Sermon for 7 Epiphany

In the name of the Father, the Son, and the Holy Spirit – Amen.


There’s a story that goes around the Episcopal Church from time to time. I cannot attest to its truth, but it’s a good story, so I’m going to tell it just the same. In the weeks after 9/11, there was a priest who decided to pray for Osama Bin Laden, by name, in church. His parishioners were, understandably, quite upset at this development, but rather than coming to talk to him about it, they called the bishop. The bishop, himself distressed to hear this news, immediately called the priest to ask what the heck he thought he was on about. “Well, bishop,” the priest answered slowly, “I guess I figured when Jesus told us to love our enemies, and pray for those who persecute us, He meant it.” [Editor’s note: After preaching this sermon, a retired pastor came up to me in the receiving line to tell me he lost his job after praying for Ho Chi Minh in 1969. So even if this specific story didn’t happen, stories like it did.]

Love your enemies, and pray for those who persecute you. This is one of the hardest teachings in the whole Bible. How can Jesus ask us to love those who hate us, who revile us, who would erase our very existence if they could? Surely, he can’t have had much experience with enemies. If he knew, just how evil men like Osama Bin Laden, Timothy McVeigh, Dylan Roof, Adolf Hitler were, He would make an exception. He would understand that there are some enemies who are just impossible to love.

But Howard Thurman, an early 20th-century African-American theologian, who heavily influenced Martin Luther King, Jr., reminds us that Jesus was himself someone who had enemies. He knew what it was like to be hated because of his race. He knew what it was like to have enemies who reviled him, who would erase his existence if they could. And boy did they try! Not just on the Cross – think about it – from Jesus’s earliest infancy, Herod sought to have him murdered. So Jesus knew about hate.

How then, could he offer this teaching? How could he ask this Herculean task of us when he knew just how miserable living under this kind of hatred and degradation was? And I think the answer has to do with just how far the word love has strayed from its original meaning. You see, love, in the Scriptures, isn’t a feeling. It’s not about feeling warmly toward a person, or thinking well of them. Love, for Jesus, is an action. And it’s an action that every human being is due.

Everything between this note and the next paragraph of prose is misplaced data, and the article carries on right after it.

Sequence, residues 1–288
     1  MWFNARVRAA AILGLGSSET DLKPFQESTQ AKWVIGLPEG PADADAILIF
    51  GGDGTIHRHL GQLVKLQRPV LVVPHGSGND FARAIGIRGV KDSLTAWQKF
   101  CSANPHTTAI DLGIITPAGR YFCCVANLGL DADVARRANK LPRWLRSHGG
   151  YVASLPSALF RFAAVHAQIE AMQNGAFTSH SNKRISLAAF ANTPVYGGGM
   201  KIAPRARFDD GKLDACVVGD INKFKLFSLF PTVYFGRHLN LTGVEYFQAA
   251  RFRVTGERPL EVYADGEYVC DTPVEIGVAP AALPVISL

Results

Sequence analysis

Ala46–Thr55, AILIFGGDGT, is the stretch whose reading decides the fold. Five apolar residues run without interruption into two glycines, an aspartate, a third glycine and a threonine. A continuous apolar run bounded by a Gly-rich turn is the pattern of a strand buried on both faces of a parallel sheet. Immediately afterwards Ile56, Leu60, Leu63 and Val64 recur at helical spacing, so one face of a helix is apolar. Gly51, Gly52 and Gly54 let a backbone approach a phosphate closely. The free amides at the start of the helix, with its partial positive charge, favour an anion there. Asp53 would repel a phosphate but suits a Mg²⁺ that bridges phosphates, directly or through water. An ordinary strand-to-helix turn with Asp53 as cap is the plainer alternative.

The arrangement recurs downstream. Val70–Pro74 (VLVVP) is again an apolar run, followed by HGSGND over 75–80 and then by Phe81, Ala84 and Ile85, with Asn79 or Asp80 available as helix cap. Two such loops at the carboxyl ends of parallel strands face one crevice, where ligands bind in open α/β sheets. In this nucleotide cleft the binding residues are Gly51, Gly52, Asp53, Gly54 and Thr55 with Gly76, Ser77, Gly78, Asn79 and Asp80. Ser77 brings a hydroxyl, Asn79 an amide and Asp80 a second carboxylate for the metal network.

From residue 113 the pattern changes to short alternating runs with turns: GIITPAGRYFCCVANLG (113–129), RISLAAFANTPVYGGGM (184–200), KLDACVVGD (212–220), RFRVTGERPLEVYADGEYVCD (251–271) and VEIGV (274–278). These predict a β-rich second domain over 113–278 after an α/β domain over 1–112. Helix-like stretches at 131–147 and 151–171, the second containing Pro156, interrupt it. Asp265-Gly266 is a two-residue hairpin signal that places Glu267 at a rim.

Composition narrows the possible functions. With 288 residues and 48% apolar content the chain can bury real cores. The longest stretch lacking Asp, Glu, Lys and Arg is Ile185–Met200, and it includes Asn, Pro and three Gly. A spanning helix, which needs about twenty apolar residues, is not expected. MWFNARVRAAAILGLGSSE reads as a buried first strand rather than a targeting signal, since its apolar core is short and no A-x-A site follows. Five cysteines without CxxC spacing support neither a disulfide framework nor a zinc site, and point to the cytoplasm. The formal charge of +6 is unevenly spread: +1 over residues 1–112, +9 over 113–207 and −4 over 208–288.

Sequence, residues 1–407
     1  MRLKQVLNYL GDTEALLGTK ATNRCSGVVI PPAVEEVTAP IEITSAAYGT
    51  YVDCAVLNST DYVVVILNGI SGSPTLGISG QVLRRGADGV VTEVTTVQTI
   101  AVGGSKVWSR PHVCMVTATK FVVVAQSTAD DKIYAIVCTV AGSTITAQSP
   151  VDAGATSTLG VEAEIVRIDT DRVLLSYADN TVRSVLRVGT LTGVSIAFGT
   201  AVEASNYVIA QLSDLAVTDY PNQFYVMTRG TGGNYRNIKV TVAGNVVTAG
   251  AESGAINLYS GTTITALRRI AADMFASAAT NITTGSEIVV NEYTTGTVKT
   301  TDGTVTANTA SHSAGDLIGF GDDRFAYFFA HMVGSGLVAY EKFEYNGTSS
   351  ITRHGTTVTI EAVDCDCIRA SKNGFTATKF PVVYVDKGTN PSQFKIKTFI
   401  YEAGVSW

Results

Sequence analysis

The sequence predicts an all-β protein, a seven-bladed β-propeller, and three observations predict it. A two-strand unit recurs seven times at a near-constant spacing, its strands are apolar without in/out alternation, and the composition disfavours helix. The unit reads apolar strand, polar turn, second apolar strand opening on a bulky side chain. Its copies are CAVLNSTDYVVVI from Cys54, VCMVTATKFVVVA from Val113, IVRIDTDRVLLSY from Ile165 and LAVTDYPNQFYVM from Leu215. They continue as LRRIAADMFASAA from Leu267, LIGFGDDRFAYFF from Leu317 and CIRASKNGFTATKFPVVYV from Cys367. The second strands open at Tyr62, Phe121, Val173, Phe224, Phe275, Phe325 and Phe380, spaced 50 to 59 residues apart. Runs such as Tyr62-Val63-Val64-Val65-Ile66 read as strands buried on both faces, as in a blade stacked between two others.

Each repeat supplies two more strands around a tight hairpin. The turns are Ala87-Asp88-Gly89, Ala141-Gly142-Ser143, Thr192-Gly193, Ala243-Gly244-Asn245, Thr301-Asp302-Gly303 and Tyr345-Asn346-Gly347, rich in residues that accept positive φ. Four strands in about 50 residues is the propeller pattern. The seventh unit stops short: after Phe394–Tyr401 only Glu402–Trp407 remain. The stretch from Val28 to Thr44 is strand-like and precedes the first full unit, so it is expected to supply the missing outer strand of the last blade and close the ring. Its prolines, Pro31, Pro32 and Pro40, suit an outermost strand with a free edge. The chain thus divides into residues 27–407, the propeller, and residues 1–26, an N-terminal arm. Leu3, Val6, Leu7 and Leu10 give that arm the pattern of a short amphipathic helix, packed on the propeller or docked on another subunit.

Most Christians, even most people, are aware of the golden rule: “Love your neighbor as yourself.” Fewer of us are aware that the golden rule comes to us from Leviticus. Yes, Jesus was quoting Leviticus, that much-maligned and little read book of the Bible, which gives us this gem at the end of the long paragraph we hear today which demonstrates what that love looks like. Love doesn’t look like a feeling. It doesn’t look like choosing the company of someone. Love looks like justice. Or, as Dr. Cornel West says, “Justice is what love looks like in public.”

You can see it in our reading today. Love looks like leaving the edges of our fields for the poor and for the alien. Love looks like dealing fairly, and not committing fraud. It looks like respecting and caring for the deaf and the blind. It looks like taking a loss rather than profiting at the expense of our neighbors. Wow. And I thought loving our enemies was hard. Just even loving our neighbors in this way is a challenge!

Love, the action, is often challenging for us precisely because it isn’t a feeling. It isn’t about being nice to people we already know and like. It isn’t about moseying along with the status quo as long as we weren’t trying to hurt anybody. Love is about the active pursuit of justice. And this includes justice for our enemies. Because you see, the moment we fail to love someone, even people who don’t deserve it, that is the moment we begin to treat them as something other. Something inhuman. Something not worth even basic respect and dignity. A monster. And that just isn’t true of any human being, nor is it wise, and I’ll tell you why.

There are two reasons why we must constantly be on our guard against dehumanizing our enemies: First, because the moment we set some category of human beings aside as being undeserving of our just actions, we allow ourselves to treat them cruelly. We allow ourselves to do things to them that we believe should never be done to any human being bearing the image of God. This is always wrong, both because of the pain and terror it causes them,and because it awakens something monstrous in ourselves. And that monster is not put easily back into its cage.

Second, because in setting aside some category of human beings as uniquely evil, we run the risk of ignoring the sins we commit, the faults we bear. We aren’t horrific monsters like those awful people, so we must be doing all right, we think. No matter what failings we might have, as long as we’re doing better than Osama Bin Laden, we might feel nothing more needs to be done, which is an obviously ridiculous position. I mean, we should strive for more than “just barely better than Osama Bin Laden,” right?

We are called to love our neighbors as ourselves, and Jesus expands the idea of our neighbors, as a category, to include our enemies. And the love we are called to looks like justice. Now, that justice might look like accountability for crimes that have been committed. Loving our enemies doesn’t mean letting them walk all over us, or those vulnerable they are harming. But it does mean never allowing their hatred of us change the fact that God still loves them, and we should too.


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